Thursday, April 2, 2020

Growing Your Own Sweet Potato Slips

As I'm writing this, we are still in the midst of the coronavirus lockdown.  Yesterday our governor issued a statewide stay-at-home order, so all non-essential businesses are closed, and this will likely continue for a month, if not more.  Seeds and some transplants were already being sold for a while before the lockdown, so you may think you have everything you need to plant your vegetable garden.  

But not sweet potatoes!  Most likely not anyway.  Sweet potatoes like really warm weather, so usually aren't sold 'til later in the year.  Mid April or so actually, and on into May.  Sweet potato slips are already hard to find in a normal year, so with all this, they're going to be even HARDER to find now.  So you may think you're out of luck for planting them this year.

Nope!  Just grow your own!

Roots coming off them are normal, and good.
You won't believe how easy it is.  Really.  You can grow them from any sweet potato you have already or can buy from the grocery store.  Grocery stores are still open, and I don't see them closing at all.  So there ya' go!  They may be out of some things when you go, but we're not talking toilet paper here, so just check back and I'm sure you'll find them restocked.

One caveat though: Since diseases that affect plants don't transfer to people (not that I've heard of anyway), supermarket produce meant to be eaten isn't tested for them, so if you do this it's possible that you can infect your soil with a disease that will live in your soil for years.  But it's really unlikely.  I don't know of any offhand.  Still, if it does happen, most of them you can kill by solarizing the soil, so at most you'll only lose a season or two of growing time.  Or just don't plant anything in the sweet potato family for a few years and starve it out.  (In case you didn't know, that's their cousins the morning glories.  I know, right?!)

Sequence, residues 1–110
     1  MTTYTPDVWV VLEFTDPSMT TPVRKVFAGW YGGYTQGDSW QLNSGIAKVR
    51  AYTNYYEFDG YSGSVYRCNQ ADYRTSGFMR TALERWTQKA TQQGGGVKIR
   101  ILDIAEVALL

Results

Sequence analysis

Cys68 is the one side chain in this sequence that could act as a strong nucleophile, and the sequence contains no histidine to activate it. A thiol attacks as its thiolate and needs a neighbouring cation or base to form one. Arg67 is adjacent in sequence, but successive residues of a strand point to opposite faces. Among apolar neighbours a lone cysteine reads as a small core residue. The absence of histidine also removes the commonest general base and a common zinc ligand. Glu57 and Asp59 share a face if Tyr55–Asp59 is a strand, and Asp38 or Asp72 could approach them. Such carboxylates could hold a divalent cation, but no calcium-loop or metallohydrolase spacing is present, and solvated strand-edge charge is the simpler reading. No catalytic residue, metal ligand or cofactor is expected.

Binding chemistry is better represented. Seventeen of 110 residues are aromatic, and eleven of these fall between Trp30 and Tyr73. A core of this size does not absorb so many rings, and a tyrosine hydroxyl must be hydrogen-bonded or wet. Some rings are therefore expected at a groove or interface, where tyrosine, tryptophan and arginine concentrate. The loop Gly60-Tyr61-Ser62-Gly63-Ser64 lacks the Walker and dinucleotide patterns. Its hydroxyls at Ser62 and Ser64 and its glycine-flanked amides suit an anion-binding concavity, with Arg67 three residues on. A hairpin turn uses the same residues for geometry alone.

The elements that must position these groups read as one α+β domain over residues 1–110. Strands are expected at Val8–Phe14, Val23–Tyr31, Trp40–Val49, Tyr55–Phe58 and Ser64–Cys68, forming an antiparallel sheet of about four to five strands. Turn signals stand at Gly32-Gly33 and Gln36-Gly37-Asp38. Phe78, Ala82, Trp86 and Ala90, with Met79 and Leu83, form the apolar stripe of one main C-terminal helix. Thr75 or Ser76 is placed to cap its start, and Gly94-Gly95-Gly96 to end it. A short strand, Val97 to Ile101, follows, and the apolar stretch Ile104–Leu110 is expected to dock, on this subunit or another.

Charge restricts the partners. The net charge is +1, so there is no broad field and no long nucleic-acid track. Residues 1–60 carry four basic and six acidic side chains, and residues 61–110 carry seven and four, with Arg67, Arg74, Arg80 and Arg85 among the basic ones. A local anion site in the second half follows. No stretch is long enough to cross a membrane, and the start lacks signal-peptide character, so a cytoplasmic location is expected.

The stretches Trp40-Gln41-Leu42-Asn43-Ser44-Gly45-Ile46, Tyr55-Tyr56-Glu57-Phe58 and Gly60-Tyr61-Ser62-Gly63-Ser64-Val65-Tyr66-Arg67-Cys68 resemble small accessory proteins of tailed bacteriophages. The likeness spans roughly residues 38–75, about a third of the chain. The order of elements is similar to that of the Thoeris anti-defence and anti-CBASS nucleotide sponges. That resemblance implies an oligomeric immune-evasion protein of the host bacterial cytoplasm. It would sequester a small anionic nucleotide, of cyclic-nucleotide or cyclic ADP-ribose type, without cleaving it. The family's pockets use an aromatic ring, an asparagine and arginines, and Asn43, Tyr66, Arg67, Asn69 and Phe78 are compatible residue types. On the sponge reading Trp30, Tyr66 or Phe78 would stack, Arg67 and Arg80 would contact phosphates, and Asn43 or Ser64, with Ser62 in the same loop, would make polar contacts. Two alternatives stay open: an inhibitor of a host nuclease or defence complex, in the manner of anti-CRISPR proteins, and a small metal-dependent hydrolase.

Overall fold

Seven sprouts!  Each is counted as one slip.
So, back to growing your own...  

All you have to do is plant that sweet potato and keep it in a sunny spot.  Really.  It's that simple.  Plant it in some potting soil, pointed end down, water it well, and sit it in a sunny window or on the porch.  

You can even suspend it in a glass of water with toothpicks if you want, sitting it in that same sunny window or out on that same porch.  Do you remember your mom or grandma doing that in the kitchen window, ending up with the longest and most gorgeous green vines growing up and over and around the window?  Yep, same thing.  

I put this one in water about a week ago.
Once you have your potato suspended in water or planted, it won't take that long for sprouts to appear.  Depending on how long the potato has been in cold storage, it could be a couple weeks, but some of mine take only a week.  But once they get going, they're going.  They usually sprout from multiple places on one end, as many as eight or more.  

When those sprouts get some size on them, say more than six inches or so, break them off and put them in a jar of water in that same sunny spot.  Don't worry if they don't have roots.  They'll form them over the next week or so.  

Keep breaking them off and putting them in your jar of water until you have enough.  Then simply plant them out in the garden a couple feet or so apart, keep well watered 'til the start to actively grow, and you're off to the races.  

I like to plant them under my okra to maximize the use of space.  Okra plants are upright while sweet potato vines sprawl over the ground, so there is room for both in the same spot.  Just remember you'll have to water and fertilize a bit more, but I think it's worth it.  And you will, too, come Thanksgiving when you're the only one with homemade pie from home grown 'taters. 

More sprouts will grow soon. You can see one at the top of that
beige-ish stem/growth point already.  See the tiny little green leaf?
Cute little thing.


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